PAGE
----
De La Torre, Pamela Z.
2015 – 46044
BA Behavioral Sciences
This should be one of the Last
Posts by females on social media platforms such as Facebook and Twitter which recount their experiences of men catcalling or inappropriately touching them and news articles on women exposing how they were physically abused and/or raped by colleagues or even high-profile men circulate and can be seen on our timelines and news feeds almost every day. Amidst these haunting cases are comments made by both men and women on how it was the female’s fault why she got raped or harassed in the first place and other posts about how women should dress and act so as not to get harassed or seen as “asking for it”. ...view middle of the document...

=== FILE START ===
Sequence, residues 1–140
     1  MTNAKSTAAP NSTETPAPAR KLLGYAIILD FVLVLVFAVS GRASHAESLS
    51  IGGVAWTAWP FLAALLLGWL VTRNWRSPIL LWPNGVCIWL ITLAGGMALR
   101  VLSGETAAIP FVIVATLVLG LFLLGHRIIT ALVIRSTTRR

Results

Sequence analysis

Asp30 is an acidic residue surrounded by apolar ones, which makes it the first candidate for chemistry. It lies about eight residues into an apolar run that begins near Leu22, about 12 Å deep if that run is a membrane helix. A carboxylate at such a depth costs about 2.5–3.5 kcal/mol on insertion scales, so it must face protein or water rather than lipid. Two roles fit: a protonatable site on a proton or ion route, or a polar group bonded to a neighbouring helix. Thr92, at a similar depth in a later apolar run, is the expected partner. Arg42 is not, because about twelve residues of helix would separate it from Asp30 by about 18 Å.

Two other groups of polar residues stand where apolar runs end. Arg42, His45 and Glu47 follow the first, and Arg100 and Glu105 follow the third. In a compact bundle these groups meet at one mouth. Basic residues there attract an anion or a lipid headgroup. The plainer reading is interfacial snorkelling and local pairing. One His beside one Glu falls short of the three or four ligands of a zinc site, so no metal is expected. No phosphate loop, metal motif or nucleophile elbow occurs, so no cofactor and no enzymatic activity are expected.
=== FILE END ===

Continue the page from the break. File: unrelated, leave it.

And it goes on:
There is no denying of the existence of rape culture in the Philippines, it is a matter of how and in what forms it materializes in the national context. Being an advocate of women’s rights and a self-proclaimed feminist, I find value and importance in such issue. My aim in this proposed research paper is to divulge on how Filipino women are objectified and treated of lesser value than the opposite sex because of the supposed norms that the patriarchal society has imposed on us through rape culture, specifically street harassment and catcalling. To paint a clearer picture on just how prominent violent and sexual acts against women are committed, here are some numbers: The 2008 National Demographic and Health Survey (NDHS) conducted by the National Statistics Office (NSO) showed that in every ten women aged fifteen to forty-nine, one experienced or will experience sexual violence. More alarming is the report of Social Weather Stations (SWS) that in Quezon City alone, three out of five women have been or will be sexually harassed at least once...